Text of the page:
About Mothlists

There are many more moths than there are butterflies, but because they mostly fly at night, people don’t pay as much attention to them or know as much about them.   According to Wikipedia there are between 150,000 and 250,000 species of moths.   (NABA estimates there are 20,000 species of butterflies.)  The huge number of moths makes it much more difficult to identify them, and the fact that there are so few field guides makes it even harder.

I came up with the idea for this site after traveling to South America and then trying to identify the moths that I photographed there.  I was looking for photos of identified moths from Ecuador, hoping to find some like the ones I saw.   Lots of people have put photos of moths up on the internet, but it takes quite a bit of research to find them. I thought it might be helpful to have a central place with links to moth lists from many different parts of the world. I hope the site will make it easier for people to learn about the moths they see, and they will look at more moths and make even more lists.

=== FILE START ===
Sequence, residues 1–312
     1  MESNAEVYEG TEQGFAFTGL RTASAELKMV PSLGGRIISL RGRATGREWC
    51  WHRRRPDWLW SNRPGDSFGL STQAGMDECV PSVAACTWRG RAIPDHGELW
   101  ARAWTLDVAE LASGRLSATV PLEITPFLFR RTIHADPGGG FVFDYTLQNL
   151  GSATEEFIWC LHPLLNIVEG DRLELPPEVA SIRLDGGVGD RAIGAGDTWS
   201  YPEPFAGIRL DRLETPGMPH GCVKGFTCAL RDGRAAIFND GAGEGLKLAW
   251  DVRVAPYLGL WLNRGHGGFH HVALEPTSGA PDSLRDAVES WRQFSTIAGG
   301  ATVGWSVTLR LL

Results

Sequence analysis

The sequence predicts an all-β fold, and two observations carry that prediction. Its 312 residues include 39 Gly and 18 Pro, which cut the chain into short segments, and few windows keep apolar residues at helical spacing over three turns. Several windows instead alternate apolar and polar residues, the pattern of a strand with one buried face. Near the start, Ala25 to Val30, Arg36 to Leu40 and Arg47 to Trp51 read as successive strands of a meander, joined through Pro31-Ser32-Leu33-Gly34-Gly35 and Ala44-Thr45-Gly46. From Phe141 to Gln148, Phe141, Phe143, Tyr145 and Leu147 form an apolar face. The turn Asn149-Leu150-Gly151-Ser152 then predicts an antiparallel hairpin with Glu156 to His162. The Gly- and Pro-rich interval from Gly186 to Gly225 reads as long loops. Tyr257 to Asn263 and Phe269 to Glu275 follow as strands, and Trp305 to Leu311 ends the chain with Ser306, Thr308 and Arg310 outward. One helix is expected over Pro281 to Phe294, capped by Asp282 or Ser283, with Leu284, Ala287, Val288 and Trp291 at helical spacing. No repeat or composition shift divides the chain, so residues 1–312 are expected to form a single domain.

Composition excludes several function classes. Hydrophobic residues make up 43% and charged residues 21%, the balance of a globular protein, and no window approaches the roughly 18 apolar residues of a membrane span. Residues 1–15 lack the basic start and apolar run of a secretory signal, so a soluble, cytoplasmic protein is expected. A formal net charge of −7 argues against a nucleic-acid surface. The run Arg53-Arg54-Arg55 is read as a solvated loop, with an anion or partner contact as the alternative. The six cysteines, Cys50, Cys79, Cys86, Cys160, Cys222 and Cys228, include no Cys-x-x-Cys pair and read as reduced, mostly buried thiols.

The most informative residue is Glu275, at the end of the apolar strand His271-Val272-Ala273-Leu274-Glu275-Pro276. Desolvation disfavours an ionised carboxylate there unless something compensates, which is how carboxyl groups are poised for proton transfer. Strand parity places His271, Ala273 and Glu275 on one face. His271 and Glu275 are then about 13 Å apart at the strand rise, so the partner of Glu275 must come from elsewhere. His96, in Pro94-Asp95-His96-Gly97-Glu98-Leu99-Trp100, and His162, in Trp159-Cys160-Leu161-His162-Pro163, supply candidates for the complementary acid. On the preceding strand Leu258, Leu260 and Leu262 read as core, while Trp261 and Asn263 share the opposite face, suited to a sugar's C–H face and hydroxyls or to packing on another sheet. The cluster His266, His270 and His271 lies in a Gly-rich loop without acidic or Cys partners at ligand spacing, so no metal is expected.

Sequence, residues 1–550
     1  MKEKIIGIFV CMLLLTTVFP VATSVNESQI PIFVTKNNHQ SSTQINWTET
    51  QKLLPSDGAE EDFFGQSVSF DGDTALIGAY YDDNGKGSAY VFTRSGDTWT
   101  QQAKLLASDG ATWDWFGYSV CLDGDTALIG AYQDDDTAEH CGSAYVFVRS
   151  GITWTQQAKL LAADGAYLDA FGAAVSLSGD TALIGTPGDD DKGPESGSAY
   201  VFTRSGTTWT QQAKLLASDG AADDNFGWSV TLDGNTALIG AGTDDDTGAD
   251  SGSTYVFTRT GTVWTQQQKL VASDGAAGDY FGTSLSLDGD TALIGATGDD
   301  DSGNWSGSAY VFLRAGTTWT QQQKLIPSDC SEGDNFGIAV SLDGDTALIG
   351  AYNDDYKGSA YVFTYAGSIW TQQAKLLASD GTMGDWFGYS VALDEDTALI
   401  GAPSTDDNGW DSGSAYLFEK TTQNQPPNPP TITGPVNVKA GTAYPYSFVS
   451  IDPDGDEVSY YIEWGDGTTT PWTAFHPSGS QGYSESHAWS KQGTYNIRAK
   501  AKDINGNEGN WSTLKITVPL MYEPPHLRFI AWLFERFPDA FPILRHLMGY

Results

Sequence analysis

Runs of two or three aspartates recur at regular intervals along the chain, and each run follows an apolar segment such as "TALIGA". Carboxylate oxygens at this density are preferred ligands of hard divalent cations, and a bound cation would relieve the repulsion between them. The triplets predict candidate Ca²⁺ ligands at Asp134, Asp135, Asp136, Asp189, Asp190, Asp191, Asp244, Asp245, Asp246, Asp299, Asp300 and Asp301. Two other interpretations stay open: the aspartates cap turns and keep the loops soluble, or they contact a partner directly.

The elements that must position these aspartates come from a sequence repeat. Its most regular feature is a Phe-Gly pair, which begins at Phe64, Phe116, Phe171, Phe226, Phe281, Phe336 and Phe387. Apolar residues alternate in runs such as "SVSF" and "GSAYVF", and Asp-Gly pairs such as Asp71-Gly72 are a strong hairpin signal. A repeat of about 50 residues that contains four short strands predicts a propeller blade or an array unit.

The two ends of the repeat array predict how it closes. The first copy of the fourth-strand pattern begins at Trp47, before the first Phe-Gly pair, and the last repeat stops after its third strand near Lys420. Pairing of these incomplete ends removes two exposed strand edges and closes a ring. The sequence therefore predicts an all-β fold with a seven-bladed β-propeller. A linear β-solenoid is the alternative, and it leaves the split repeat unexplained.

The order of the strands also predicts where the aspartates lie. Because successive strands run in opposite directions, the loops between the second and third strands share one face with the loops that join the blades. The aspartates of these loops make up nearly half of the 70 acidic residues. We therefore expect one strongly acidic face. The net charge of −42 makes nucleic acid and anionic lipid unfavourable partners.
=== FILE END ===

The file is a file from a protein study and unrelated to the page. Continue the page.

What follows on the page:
I try to pick lists that have good photos, and I especially like ones that include other kinds of information – on habitat, flight times, life stages, or rarity.

We all do our best to identify moths correctly, but there are bound to be mistakes. If they’re mine, please leave a comment and let me know.

I have two other web sites:
APrairieHaven.com – about the project I’m doing to restore our land back to the way it was before it was settled
BugLifeCycles.com – a collection of links documenting the life cycles of insects

Marcie O’Connor
Buffalo County, Wisconsin